It's not C3PO, the android from Star War that spoke more than 6 million languages. In fact, it can't talk at all. But Robonaut 2 is still a marvel.
The robot nicknamed R2 - no relation to Star Wars' R2D2 - is set to take off with six human space travelers on the shuttle Discovery when it makes its final journey to the International Space Station this month. It's just half a robot right now - head, torso, arms, and hands - but the National Aeronautics and Space Administration and co-developer General Motors hope to provide R2 with legs by 2012.
Meanwhile, space station scientists will begin next month to test how well R2 functions in a weightless environment. If all goes well, an ambulatory R2 will perform cleaning chores inside the station and help spacewalking astronauts with outside tasks.
R2 is part of Project M, a low-budget NASA effort to send a humanoid robot to the moon. The project aims to demonstrate the possibilities of unmanned space exploration and to inspire a generation of American scientists and engineers.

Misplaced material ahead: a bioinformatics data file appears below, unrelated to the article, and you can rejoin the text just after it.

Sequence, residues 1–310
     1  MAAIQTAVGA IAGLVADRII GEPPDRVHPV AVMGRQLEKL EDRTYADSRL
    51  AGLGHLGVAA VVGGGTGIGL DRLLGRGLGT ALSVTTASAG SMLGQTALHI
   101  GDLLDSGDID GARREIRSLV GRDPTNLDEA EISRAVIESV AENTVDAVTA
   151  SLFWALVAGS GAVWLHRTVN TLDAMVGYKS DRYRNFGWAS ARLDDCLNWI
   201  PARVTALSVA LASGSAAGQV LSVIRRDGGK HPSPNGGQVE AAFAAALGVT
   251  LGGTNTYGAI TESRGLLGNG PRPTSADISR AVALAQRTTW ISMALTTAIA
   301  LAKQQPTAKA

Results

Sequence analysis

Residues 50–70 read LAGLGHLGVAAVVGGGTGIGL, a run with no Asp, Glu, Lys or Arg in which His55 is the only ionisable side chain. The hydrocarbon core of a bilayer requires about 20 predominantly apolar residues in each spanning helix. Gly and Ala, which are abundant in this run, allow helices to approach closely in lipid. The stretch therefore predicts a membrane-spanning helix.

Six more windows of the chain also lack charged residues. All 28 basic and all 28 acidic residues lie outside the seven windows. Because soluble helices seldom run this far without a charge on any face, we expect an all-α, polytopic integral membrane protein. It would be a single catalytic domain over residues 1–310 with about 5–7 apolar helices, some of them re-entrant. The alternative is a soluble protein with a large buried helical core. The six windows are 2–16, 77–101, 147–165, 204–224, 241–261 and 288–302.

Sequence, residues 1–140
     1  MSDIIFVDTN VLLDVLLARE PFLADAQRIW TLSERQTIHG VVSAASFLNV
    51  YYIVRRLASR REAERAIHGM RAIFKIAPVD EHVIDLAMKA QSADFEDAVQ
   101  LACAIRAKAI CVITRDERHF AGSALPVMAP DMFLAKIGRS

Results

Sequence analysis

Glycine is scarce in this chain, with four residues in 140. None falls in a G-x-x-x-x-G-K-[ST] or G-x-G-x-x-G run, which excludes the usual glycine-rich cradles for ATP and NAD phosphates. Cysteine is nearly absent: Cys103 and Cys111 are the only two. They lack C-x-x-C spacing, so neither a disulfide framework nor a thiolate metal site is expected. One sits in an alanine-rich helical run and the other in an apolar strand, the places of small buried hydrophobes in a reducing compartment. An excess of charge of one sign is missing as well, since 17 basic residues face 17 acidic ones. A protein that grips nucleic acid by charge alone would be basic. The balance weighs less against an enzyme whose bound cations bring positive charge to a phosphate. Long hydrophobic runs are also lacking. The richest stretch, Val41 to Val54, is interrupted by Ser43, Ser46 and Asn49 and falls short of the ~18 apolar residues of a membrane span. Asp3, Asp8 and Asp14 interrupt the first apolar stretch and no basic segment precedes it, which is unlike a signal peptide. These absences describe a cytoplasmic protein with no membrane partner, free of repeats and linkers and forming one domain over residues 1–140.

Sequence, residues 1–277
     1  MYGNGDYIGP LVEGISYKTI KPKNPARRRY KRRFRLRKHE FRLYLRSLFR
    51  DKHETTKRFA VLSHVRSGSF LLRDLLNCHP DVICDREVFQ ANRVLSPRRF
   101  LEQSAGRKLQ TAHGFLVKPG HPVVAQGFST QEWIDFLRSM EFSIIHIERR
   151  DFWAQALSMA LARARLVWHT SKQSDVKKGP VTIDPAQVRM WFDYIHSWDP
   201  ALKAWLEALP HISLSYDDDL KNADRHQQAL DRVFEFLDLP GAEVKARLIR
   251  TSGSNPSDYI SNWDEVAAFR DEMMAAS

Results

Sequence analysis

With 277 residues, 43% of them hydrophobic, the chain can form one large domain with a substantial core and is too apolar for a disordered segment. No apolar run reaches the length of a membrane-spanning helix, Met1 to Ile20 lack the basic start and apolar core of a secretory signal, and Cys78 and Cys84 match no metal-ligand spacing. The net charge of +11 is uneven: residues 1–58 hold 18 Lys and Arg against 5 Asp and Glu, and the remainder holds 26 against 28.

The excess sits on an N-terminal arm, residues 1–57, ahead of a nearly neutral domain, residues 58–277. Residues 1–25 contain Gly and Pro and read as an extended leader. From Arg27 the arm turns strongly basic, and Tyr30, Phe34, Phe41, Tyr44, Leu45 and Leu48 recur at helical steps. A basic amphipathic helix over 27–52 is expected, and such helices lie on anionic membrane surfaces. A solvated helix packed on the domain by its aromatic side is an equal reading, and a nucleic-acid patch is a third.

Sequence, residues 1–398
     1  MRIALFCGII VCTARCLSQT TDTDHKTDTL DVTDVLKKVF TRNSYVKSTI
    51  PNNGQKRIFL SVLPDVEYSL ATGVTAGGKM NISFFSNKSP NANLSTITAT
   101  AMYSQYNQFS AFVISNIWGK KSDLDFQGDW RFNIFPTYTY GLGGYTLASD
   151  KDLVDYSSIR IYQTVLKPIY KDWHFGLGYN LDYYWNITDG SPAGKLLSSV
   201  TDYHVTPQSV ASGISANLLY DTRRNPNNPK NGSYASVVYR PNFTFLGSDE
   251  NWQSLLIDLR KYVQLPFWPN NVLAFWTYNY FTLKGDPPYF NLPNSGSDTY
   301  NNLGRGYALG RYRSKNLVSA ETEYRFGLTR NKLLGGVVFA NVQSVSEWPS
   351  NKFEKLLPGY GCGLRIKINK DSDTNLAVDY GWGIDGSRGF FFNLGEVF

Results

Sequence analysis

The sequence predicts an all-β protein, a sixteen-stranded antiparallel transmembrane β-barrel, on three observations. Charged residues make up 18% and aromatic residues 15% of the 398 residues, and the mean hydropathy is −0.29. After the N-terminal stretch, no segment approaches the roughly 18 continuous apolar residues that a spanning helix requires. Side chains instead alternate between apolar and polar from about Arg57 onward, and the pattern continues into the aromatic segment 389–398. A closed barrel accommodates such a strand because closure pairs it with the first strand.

Let's hope Congress has the vision to be excited as well. The New York Times reports there isn't money to finish the project, which would cost less than one-half of 1 percent of what it would take to send a human back to the moon. Without funding, Project M's goal of having a robonaut on the lunar surface by 2012 will fail.
With its brains in its belly and its depth perception where its mouth ought to be, R2 never will be mistaken for Data, the sentient android of Star Trek fame. But this accumulation of electrical sensors and mechanical muscles is a cost-effective and evolutionary first step.
It could lead one day to humanlike robots helping space travelers with mundane as well as dangerous tasks. It even could blaze trails to distant planets for astronauts to follow.
A NASA official quipped that R2's launch will be a "giant leap forward for tinmankind." As politicians mull NASA's mission and priorities, that leap merits continued financial aid.48.81443 -118.5995